Rectal Biopsy

  • Koichiro YoshimaruEmail author


A histopathological examination is essential for the diagnosis of Hirschsprung’s disease (HD), which is characterized by the absence of enteric ganglion cells in the affected segment. Because the aganglionic narrowed segment visually always includes the rectum, the biopsy of the distal rectum of patients suspected of having HD could reveal the presence or absence of ganglion cells. Full-thickness biopsy (FTB) with hematoxylin and eosin (HE) staining was initially performed, and rectal mucosal biopsy (RMB) combined with acetylcholinesterase (AChE) staining was introduced as a noninvasive technique later. Currently, FTB with HE staining; RMB with HE staining and immunostaining such as calretinin, S-100, and so on; and RMB with AChE staining are selected based on each institutional facility and preference. To avoid performing an inadequate biopsy, the precise understanding of the rectal anatomy is essential regardless of the technique. In this chapter, the introduction of the history, the anatomy, the indication, the techniques, and the complications of the rectal biopsy are conducted. The most important factor performing a biopsy is obtaining an enough size of samples with an adequate and consistent level.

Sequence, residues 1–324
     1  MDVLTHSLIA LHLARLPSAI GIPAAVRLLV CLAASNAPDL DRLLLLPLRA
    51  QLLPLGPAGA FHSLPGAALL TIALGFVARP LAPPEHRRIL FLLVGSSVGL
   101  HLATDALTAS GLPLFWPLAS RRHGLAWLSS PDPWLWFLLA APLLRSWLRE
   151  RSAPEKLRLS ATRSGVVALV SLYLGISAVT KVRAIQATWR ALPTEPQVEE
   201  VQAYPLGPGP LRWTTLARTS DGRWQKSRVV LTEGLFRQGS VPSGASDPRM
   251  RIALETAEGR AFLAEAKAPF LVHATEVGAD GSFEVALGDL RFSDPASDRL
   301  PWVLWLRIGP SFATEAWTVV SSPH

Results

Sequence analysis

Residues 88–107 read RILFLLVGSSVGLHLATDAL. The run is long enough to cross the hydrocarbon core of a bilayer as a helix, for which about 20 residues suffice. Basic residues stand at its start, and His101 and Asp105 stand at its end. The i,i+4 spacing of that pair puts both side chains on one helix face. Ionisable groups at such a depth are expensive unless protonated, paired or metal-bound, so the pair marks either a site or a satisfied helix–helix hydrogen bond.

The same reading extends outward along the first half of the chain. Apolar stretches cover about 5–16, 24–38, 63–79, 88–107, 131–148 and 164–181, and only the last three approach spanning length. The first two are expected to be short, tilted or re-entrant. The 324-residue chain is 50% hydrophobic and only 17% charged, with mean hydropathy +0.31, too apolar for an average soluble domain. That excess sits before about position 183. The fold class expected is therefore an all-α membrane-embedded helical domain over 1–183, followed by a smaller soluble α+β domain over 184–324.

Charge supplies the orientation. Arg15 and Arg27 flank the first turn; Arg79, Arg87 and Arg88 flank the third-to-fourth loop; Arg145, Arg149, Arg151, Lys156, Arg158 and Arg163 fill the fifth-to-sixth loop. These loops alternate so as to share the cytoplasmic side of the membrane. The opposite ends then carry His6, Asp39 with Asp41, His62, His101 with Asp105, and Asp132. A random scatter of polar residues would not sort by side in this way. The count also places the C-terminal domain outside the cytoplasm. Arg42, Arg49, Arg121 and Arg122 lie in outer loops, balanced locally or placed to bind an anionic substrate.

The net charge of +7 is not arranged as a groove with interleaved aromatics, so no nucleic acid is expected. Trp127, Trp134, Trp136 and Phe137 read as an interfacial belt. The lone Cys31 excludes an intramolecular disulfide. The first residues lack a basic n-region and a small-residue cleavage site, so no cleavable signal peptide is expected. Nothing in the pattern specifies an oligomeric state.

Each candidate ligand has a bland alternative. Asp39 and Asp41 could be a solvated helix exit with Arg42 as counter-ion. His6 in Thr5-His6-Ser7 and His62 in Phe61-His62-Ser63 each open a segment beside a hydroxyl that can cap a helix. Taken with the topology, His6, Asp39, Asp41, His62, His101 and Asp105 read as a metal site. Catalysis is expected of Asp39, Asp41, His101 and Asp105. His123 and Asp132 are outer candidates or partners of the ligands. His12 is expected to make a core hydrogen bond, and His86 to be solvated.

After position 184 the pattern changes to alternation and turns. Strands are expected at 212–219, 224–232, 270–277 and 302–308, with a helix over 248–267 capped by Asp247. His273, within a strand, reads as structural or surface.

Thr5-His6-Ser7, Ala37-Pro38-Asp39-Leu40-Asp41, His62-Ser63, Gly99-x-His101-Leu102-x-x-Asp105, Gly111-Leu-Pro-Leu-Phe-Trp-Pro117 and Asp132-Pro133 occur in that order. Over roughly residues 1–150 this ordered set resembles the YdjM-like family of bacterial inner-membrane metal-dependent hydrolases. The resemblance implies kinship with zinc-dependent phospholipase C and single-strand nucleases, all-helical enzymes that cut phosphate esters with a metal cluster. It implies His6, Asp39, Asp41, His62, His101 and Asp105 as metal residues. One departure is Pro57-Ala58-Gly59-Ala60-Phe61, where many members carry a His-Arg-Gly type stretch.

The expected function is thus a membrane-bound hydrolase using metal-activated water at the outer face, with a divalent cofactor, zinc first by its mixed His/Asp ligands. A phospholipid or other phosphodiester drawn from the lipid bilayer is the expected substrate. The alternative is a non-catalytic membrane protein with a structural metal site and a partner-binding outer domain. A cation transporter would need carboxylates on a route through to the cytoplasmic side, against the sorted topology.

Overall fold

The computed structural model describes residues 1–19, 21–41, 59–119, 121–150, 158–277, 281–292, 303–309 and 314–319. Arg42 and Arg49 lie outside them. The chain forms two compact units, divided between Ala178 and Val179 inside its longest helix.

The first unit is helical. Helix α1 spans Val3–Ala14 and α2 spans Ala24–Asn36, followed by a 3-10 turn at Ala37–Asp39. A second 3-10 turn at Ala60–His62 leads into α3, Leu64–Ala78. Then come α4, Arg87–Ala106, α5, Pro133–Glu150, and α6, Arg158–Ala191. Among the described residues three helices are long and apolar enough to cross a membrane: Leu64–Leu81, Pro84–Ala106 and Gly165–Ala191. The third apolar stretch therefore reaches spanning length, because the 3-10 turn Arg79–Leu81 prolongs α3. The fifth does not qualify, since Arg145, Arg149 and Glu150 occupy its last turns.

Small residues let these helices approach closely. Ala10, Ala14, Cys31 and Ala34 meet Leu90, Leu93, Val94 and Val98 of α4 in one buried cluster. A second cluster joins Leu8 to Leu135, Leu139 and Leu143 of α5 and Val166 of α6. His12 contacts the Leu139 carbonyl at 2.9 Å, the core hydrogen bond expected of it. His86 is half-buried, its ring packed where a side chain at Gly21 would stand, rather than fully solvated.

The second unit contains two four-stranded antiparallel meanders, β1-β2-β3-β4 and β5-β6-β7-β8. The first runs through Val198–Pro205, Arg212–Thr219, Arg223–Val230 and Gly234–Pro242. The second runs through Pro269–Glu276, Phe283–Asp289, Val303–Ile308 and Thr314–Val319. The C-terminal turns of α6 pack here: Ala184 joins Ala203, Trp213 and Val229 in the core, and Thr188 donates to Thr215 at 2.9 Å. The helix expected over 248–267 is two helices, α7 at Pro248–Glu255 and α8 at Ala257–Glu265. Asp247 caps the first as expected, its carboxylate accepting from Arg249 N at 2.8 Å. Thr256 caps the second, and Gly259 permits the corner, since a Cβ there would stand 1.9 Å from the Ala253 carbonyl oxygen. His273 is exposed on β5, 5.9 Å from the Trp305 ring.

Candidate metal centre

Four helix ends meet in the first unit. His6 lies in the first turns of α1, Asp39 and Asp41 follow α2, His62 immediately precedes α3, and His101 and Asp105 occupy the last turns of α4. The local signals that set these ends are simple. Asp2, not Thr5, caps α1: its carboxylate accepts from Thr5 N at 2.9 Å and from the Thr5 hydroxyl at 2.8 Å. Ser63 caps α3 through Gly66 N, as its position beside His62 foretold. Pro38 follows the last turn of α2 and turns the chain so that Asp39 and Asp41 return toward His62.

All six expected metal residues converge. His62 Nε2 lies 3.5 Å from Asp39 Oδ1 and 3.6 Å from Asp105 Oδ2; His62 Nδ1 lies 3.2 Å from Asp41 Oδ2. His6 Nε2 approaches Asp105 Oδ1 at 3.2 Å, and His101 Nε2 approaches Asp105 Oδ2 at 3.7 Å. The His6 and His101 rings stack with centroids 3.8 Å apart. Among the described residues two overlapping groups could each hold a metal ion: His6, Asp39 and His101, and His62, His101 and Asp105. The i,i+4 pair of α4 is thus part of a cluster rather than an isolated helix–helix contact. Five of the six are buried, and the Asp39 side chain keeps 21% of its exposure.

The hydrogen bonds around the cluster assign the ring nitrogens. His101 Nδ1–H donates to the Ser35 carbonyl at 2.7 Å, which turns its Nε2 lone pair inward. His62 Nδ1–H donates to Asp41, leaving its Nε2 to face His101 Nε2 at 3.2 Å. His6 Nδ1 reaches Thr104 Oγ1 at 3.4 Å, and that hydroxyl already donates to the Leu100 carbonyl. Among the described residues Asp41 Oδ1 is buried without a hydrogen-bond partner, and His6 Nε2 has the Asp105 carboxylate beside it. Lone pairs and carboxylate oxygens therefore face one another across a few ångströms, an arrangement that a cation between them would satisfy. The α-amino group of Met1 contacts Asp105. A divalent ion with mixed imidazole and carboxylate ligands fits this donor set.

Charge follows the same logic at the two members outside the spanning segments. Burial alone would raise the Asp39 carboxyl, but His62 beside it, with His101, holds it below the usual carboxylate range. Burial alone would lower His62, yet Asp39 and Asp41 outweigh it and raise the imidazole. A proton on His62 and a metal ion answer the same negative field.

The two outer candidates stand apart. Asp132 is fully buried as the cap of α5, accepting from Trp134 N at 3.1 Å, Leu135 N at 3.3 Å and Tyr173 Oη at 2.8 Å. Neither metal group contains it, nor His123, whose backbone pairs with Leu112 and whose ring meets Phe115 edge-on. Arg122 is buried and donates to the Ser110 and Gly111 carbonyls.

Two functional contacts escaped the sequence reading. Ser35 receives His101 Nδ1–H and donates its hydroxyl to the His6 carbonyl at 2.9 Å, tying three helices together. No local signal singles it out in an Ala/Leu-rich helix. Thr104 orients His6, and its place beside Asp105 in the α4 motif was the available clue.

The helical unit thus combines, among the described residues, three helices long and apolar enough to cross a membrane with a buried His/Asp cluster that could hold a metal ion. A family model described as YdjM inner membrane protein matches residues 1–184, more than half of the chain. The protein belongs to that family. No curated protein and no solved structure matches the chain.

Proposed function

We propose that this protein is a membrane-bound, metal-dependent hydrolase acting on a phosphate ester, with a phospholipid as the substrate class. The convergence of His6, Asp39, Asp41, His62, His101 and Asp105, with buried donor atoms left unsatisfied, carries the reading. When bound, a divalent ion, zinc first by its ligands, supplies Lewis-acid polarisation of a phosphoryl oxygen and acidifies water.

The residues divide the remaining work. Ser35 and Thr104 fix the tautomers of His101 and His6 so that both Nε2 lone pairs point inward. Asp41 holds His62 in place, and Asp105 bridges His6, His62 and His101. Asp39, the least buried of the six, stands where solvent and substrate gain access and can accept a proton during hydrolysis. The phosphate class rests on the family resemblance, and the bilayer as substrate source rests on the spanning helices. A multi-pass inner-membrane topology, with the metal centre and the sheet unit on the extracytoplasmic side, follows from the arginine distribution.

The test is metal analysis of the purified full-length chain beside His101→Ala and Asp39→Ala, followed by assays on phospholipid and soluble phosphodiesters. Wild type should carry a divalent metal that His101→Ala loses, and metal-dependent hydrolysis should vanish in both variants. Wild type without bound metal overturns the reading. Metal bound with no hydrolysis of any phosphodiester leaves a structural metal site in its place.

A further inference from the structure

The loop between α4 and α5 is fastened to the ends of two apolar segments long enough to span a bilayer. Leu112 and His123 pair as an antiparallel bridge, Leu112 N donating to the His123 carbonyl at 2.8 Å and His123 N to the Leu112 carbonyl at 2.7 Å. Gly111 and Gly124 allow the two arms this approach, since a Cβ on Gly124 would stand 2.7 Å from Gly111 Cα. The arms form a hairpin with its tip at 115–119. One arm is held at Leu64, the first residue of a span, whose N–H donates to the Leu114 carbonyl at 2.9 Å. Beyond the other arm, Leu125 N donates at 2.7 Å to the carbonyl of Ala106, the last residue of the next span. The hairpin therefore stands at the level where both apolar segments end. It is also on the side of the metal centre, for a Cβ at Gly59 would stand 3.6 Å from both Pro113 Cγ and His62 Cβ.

Hirschsprung’s disease


Hematoxylin and eosin


Intestinal neuronal dysplasia type B


Rectal mucosal biopsy


Rectal punch biopsy


Rectal suction biopsy


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Copyright information

© Springer Nature Singapore Pte Ltd. 2019

Authors and Affiliations

  1. 1.Department of Pediatric Surgery, Reproductive and Developmental Medicine, Faculty of Medical SciencesKyushu UniversityFukuokaJapan

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